To check interpretation of results, Study 4 incorporated anonymous qualitative responses (provided by 19 of the 24 participants) on the survey used in Study 3 and a focus group consisting of eight RYLArians (three female) from 2009. The data from Study 1 were included as a further step to check for common themes across years. When asked, participants strongly endorsed the constructs of GSE, meaning and openness. Thematic analysis indicated some support for decreased Neuroticism and increased Extraversion, as reported in Study 3, and the importance of support and challenge, as noted in Study 2. Participants emphasised the importance of not knowing the content of RYLA, or other participants, prior to the week.

The four exploratory studies indicate that the RYLArians demonstrated clear increases in GSE, Meaning and Openness, with similar increases in Engagement, Pleasure, Extraversion and Agreeableness and a decrease in Neuroticism. The latter was illustrated by descriptions of enhanced emotional regulation. With previous research suggesting links between both Openness and emotional regulation and leadership, it appears that RYLA is an effective leadership education program. While further research is required to replicate and verify results, some initial theoretical implications are considered. Mechanisms for increasing GSE are suggested, and tentative links between changing GSE and personality variables are explored. Pillemer’s (2001) observation that landmark events in early adulthood form ongoing reference points to guide behaviour may help explain the continuing effect of RYLA and provides a lens for interpreting the importance of novelty and challenge throughout the week. From the perspective of cultivating learning environments (Little, 1975; Outhred & Chester, 2010) it is possible that support and challenge represent the key aspects of effective change environments. To integrate the four studies, results were interpreted in light of Fredrickson’s (2001) broaden and build theory of positive emotions. Taken together, the results suggest RYLArians are happier, more open and more self-aware. RYLA, at least in Rotary District 9790, is a positive life-changing experience.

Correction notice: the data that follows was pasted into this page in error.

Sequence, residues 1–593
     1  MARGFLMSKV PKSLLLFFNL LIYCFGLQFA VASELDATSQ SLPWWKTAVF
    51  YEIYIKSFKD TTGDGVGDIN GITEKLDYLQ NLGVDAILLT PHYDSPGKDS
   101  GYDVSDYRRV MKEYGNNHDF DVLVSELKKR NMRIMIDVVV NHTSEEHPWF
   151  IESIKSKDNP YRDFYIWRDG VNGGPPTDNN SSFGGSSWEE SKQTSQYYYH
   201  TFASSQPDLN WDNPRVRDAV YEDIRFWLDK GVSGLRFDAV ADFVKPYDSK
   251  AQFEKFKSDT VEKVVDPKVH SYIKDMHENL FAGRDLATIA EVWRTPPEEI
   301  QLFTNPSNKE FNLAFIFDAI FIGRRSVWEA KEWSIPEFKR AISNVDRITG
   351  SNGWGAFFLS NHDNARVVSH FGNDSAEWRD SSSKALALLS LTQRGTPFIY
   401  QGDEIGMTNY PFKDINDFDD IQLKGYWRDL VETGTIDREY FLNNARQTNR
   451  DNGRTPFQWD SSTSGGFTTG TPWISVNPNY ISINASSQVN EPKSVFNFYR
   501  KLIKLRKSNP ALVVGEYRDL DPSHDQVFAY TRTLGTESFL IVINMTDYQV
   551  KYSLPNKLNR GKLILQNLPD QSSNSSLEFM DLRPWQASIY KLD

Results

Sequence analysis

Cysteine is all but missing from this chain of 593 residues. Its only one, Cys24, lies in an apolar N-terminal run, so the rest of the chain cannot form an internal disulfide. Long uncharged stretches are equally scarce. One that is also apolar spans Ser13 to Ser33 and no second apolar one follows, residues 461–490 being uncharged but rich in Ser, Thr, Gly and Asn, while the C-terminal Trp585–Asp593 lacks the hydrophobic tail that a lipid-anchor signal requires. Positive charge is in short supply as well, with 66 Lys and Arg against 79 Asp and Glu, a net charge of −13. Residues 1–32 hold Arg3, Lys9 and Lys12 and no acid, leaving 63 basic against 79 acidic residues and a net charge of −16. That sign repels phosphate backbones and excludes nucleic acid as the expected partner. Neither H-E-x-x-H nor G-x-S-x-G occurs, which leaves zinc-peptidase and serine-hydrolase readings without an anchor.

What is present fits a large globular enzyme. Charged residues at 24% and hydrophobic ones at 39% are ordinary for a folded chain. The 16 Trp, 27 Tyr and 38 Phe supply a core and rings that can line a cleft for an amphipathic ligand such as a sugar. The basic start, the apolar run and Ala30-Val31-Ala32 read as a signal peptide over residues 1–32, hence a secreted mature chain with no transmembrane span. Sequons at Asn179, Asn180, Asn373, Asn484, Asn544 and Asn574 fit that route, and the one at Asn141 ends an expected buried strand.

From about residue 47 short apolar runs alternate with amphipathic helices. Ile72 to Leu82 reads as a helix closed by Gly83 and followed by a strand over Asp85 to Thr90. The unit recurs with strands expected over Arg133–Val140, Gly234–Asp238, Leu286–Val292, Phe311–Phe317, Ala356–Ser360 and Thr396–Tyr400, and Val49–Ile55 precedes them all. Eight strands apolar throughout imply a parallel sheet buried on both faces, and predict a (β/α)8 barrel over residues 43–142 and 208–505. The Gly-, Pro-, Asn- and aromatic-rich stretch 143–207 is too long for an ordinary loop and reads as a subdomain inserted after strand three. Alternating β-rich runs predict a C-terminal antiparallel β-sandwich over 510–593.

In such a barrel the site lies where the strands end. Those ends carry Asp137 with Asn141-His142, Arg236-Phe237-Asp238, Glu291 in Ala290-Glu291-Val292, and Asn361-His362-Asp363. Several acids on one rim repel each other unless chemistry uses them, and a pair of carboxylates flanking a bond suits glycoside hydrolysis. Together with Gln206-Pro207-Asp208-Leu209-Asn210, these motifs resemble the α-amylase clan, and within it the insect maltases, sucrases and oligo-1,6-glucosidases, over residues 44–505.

Degree Doctor of Philosophy (PhD)
Institution RMIT University
School, Department or Centre Health Sciences
Keyword(s) leadership development
positive psychology
RYLA
mixed methods